Three miles from home and I was enjoying this. I managed to take on water during mile 7 and keep the pace. I managed a wave or two and a few “Thank you’s” to the many encouraging well-wishers along these last few miles. This Craughwell singlet is making me run faster and stronger-I’m flying now. As I near the right hander just before the eight mile mark there’s a shout “C’mon Tom, you’re flying”. It was the endorsement I needed, it was my old school class mate and Craughwell A.C. stalwart John Fitzpatrick.
I put mile eight aside in 5’54”. Keep it cool now, don’t blow up 2 from home. Jane Ann wasn’t getting any closer… she was gliding along gracefully. All quiet in the rear-view mirror! There’s a downhill section in mile nine and halfway down we take the only left hand turn onto the long home straight. There are lots of cheering onlookers now and I’m feeding off them 6’02” for mile nine.
And now one last effort, stay focused and finish strong but carry on enjoying the moment. I don’t think the next runner is close enough to challenge my position in the field and I know I have got the fuel reserves spot on. I’ll empty the tank now and float over the line. 200 yards to go and I disengage cruise control and fully open the throttle.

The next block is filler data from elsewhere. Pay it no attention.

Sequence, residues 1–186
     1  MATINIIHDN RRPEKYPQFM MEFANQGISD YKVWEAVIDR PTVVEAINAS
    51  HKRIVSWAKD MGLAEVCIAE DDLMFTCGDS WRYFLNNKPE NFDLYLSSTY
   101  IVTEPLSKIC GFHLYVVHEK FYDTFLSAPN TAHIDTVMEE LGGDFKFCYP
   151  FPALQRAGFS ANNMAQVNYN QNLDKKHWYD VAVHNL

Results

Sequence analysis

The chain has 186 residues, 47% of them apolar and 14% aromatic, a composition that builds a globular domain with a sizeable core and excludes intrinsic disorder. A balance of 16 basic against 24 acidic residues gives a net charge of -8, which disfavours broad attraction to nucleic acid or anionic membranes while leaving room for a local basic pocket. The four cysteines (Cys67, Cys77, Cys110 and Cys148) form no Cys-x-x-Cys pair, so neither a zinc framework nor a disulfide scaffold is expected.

A marshal shouts my bib number ahead and the P.A. announcer is on the wrong page …declaring “Next home is… (ladies name) from Ballyhaunis meet and train”. The large crowd near the finish had such a laugh at the ugliest woman they ever saw running! I managed a smile and lifted my vest to expose a hairy belly for them, proof enough that she had made a wrong call. There quickly followed a correction and an apology over the P.A. system with the announcer rectifying her mistake declaring aloud that number 478 was in fact a MAN, me, TOM PRENDERGAST OF CRAUGHWELL A.C.
Photo courtesy of John O’Connor
As I completed mile 10 in 5’57”, I glanced contentedly at the clock overhead 1 hr 0mins 55 seconds. A 5 minute PB. I had absolutely no idea that I had such a time in me, but have since realised that the time was always there. It just took every man, woman and child along the route to draw it out of my willing legs and lungs, for that I shall be eternally grateful to everybody who made it for me, the race of a lifetime and for instilling so much pride in me through the club colours!
What a day! What a club! What a brilliant organisation. To the volunteers who probably outnumbered the runners “take a bow “and thank you,